Diego Forlan: Time for Leo Messi’s Argentina in Copa America, but don’t rule out my Uruguay

In his weekly column, Diego Forlan gives his thoughts Lionel Messi's Argentina, his native Uruguay and everything else Copa America, 'one of the best competitions in football'.
Argentina's Lionel Messi shown at a team training session on Tuesday ahead of Thursday's start to the 2015 Copa America. Marcos Brindicci / Reuters / June 9, 2015
Argentina's Lionel Messi shown at a team training session on Tuesday ahead of Thursday's start to the 2015 Copa America. Marcos Brindicci / Reuters / June 9, 2015

The 2015 Copa America starts Thursday night in Chile with the hosts kicking off against Ecuador.

It is the first time I have not played in the competition since 2001 and I am happy to watch it, as a fan, after retiring from international football in March.

The tournament is a huge deal in South America, especially in Uruguay. Not only because we are the holders after winning in 2011, but because we have won the tournament a record 15 times.

I won it, my father won it, my grandfather won it – not a bad record for a country of three million people when we are up against the best teams in the world including Brazil and Argentina.

Those two are favourites this time, but when a friend texted me the other day asking for a prediction, I replied: “Brazil, Argentina, Uruguay, Colombia and Chile.”

“You can’t just say all the best teams,” he replied. But I honestly believe that any one of those teams can win it.

I love the Copa America. It showcases all the classic rivalries of South America, all those neighbours, up against each other.

In the World Cup finals, you’re unlikely to meet a continental rival. In Copa America, you know they are just around the corner and that you will have to beat them to win the competition.

Beating Argentina on penalties in the 2011 competition was one of the greatest moments of my career. We were coming off reaching the World Cup semi-finals the previous year and, personally, I felt on top of my game.

Everyone had expected Argentina to win that quarter-final. I respect Argentina, and I played there, but just imagine what it is like beating the favourites in their home.

I scored the first penalty in the shootout in Santa Fe, Luis Suarez the second, Andres Scotti the third, Walter Gargano the fourth and Martin Caceres the fifth. For various reasons, none of us will be in Chile.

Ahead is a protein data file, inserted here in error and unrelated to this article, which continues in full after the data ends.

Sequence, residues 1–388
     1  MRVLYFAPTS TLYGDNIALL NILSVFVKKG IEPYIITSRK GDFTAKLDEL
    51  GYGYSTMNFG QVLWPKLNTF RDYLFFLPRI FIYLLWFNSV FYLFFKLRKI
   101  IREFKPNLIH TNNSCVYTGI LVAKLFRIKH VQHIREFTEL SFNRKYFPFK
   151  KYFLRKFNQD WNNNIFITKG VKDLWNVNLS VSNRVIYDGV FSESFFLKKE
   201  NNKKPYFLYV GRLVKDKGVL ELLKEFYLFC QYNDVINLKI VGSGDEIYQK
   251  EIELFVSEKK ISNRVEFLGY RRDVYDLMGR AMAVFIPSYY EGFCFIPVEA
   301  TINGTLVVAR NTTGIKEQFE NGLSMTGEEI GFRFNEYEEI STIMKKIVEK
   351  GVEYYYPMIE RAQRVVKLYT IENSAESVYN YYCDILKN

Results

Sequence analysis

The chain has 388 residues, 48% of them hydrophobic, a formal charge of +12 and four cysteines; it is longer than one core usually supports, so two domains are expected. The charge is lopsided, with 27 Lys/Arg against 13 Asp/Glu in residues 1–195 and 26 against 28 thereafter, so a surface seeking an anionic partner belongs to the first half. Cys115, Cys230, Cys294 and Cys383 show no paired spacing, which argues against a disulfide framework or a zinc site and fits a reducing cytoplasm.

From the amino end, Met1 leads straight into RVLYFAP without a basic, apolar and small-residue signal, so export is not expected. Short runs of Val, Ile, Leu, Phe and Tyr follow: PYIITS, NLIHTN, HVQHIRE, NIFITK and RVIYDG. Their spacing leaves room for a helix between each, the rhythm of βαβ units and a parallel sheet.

Suarez is one of the best players in the world so he will obviously be missed, but a much-changed Uruguay will have a lot of young players such as Diego Rolan, Carlos Sanchez and Jonathan Rodriguez flying the flag.

They are still very strong and are eighth in the Fifa rankings. And, despite the changes, the base of the team has been together a long time. I am confident that my friends can do well.

Nine players have received debuts since the World Cup finals in Brazil last year, including some who were runners-up in the 2013 Under 20 World Cup. We thrive on the challenge of people expecting us to fail, of knowing that nobody wants to play us.

We are proud of our record in the competition. Chile, the hosts, have not won Copa America in its 99-year history. This time they have Arturo Vidal, Claudio Bravo, Alexis Sanchez and Charles Aranguiz.

They press high, play fast and intensive, good attacking football. They have the home crowd behind them in the cold conditions they are used to, but that can bring pressure.

Argentina are the big favourites, but they have not won the competition since 1993. Look at their forwards: Lionel Messi, Sergio Aguero, Angel Di Maria, Gonzalo Higuain and Carlos Tevez, who missed a penalty against us in 2011.

Gerardo Martino, their coach who was at Barcelona last season, is experienced too. That group of players have not won any titles with Argentina. It is about time they did.

I like Colombia, especially winger Juan Cuadrado. I know Chelsea have not used him much, which may have knocked his confidence, but he is a great player who loves going one on one with an opponent.

The tournament could be good for him and his fellow forward Radamel Falcao, who has had a disappointing season at Manchester United.

He did not play in the World Cup last year because of injury but he will be a threat for Colombia, who also have James Rodriguez and Carlos Bacca in superb form.

Their coach, Jose Pekerman, knows how to get the best from his team. They are in excellent shape after the World Cup finals last year.

I do not expect Brazil to be like the Brazil we know. They will be more defensive under Dunga, my old coach at Internacional in Brazil. He communicates well, he has played and managed at a very high level.

The other teams are also very strong; Peru, Ecuador, Venezuela, Paraguay – the standards are really high. Mexico are also in the competition as guests as are Jamaica, who will find it tough, just as every other team will in one of the best competitions in football.


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Published: June 11, 2015 04:00 AM


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